One of the attendees of my Building Network Automation Solutions online course quickly realized a limitation of Ansible (by far the most popular network automation tool): it stores all the information in random text files. Here’s what he wrote:
I’ve been playing around with Ansible a lot, and I figure that keeping random YAML files lying around to store information about routers and switches is not very uh, scalable. What’s everyone’s favorite way to store all the things?
He’s definitely right (and we spent a whole session in the network automation course discussing that).
However, you can get pretty far by using host- and group variable files. For example, Mark Prior (an automation expert with numerous deployments under his belt) still uses them in his projects as he explained in his Network Infrastructure as Code presentation.
Once you think you should do better, start by consolidating things into a proper data model which is kept in a single file (instead of having random thingies lying around in host_vars and group_vars files). You’ll find more details in the Data Models part of our automation course (where you’ll also find a section on data stores).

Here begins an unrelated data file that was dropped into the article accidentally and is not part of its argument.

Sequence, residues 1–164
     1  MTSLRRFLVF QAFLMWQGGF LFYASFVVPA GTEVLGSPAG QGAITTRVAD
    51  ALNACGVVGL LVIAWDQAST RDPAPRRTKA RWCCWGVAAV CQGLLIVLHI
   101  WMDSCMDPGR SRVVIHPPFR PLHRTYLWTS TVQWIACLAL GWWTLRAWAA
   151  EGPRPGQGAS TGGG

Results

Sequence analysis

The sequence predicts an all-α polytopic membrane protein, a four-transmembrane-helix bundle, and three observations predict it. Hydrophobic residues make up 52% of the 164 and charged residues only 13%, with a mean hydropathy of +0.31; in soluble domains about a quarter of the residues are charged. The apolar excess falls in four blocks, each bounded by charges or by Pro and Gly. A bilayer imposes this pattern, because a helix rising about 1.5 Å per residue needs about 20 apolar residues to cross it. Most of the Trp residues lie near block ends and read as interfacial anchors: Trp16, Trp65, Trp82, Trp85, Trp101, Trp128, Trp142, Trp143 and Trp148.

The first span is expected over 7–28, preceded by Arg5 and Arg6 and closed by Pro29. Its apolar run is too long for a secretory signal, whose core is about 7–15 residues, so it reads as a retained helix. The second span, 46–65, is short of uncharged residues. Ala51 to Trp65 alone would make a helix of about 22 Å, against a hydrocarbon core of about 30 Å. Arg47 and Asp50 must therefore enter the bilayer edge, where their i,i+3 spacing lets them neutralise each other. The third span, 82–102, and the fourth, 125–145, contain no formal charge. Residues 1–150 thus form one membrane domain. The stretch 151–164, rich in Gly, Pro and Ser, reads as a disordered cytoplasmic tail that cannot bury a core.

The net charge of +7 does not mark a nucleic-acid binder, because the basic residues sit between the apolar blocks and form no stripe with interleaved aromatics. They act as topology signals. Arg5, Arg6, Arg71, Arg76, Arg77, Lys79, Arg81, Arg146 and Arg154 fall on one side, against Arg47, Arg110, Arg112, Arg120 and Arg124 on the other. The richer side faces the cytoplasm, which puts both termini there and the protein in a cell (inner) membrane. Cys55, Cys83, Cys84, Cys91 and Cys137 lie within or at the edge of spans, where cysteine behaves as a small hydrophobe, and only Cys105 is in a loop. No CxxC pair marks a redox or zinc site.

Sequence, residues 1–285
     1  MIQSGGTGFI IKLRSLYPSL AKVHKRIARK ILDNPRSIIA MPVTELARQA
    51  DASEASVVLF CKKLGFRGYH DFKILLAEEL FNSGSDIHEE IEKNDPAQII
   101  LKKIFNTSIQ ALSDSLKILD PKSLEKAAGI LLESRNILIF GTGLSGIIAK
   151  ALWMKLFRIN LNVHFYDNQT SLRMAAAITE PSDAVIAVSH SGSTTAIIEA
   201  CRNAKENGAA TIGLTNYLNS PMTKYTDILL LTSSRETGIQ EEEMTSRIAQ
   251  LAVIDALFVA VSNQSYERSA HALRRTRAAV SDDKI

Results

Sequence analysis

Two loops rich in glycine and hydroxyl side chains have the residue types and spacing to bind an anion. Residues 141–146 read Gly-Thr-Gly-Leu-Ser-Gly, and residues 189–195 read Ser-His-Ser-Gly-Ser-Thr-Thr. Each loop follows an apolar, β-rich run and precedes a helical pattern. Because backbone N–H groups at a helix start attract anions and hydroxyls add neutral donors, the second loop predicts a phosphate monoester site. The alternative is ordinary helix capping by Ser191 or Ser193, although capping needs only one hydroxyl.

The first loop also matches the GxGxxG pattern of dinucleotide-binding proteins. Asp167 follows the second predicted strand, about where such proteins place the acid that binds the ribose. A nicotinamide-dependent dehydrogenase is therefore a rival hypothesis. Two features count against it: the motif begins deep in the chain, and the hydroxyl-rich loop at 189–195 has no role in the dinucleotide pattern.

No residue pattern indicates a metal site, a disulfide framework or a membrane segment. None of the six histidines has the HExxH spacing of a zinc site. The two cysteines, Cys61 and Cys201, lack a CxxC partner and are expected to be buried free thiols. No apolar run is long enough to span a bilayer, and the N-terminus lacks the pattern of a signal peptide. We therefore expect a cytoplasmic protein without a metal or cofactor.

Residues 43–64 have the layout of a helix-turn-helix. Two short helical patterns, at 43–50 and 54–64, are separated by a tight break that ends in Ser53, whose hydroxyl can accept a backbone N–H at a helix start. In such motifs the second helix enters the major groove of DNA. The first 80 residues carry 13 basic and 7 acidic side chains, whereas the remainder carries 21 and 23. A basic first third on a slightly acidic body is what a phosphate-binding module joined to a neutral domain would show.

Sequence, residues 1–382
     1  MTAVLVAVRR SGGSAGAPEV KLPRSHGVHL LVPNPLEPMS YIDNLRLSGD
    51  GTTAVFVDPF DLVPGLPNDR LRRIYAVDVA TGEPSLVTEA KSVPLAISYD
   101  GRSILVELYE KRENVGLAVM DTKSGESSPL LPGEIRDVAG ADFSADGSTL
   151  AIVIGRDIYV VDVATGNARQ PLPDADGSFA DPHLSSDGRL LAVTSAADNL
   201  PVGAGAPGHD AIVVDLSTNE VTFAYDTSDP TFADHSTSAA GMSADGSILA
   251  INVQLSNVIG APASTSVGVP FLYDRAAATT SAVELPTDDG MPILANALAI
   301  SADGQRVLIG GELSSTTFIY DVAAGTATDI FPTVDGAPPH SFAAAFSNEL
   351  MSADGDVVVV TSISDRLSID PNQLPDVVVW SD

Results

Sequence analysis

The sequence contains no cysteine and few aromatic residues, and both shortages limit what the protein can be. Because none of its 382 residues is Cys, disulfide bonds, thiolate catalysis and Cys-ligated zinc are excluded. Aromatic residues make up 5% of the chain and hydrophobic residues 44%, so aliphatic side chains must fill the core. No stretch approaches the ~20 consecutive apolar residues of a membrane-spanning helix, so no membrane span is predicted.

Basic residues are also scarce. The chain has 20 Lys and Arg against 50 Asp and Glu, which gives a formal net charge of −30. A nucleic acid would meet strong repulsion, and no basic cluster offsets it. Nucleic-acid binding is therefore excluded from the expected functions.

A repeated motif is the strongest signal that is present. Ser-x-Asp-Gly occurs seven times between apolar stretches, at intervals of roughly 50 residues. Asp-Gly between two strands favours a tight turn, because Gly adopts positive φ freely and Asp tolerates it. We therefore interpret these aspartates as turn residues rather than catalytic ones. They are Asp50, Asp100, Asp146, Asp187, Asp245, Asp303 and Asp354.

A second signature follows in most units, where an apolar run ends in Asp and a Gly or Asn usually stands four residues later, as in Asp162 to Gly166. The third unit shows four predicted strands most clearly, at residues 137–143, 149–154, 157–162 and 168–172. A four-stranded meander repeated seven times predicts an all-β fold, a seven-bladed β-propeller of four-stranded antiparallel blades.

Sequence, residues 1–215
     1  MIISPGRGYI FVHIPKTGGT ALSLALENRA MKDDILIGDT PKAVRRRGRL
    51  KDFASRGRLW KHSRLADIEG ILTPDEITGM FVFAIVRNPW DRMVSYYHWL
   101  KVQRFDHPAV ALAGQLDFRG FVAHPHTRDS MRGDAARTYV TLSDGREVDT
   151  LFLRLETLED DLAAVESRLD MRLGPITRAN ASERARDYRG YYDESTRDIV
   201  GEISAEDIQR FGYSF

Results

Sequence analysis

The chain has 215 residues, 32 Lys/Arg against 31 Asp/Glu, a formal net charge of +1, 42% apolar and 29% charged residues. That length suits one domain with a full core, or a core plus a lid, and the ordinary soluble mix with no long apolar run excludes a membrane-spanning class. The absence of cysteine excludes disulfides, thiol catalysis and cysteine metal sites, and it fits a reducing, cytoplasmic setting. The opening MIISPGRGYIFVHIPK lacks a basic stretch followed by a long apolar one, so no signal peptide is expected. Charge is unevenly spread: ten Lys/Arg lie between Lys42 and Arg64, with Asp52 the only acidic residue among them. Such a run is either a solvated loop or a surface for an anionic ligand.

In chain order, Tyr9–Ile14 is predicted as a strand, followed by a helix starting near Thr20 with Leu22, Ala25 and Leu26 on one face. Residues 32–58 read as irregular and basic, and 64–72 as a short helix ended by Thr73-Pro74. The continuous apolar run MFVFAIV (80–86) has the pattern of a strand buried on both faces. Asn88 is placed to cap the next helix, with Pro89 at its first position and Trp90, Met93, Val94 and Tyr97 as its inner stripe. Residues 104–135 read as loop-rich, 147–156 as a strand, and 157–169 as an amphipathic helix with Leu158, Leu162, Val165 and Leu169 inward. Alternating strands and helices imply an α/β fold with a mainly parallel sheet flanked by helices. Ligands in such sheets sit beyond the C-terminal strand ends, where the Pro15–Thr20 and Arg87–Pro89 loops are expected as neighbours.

The only way to grow beyond data models in text files is by using a database (in which case you’ll have to develop your own UI), or an IPAM/CMDB system that matches your needs. Obviously, you’ll pay for that scalability wih increased complexity. You have to export data from one of those systems before running Ansible playbooks, or write dynamic inventory scripts or your own inventory plugin. Anyway, that’s the only way to grow if you insist on using Ansible. Maybe you should check out Nornir?
Assuming you did your homework and figured out what data model you need to describe your services or network infrastructure, you could start looking around for the best tool to store that data model in. Netbox is probably one of the best ones because it was designed by a cool networking engineer with massive experience… and he even described his solution in our automation course.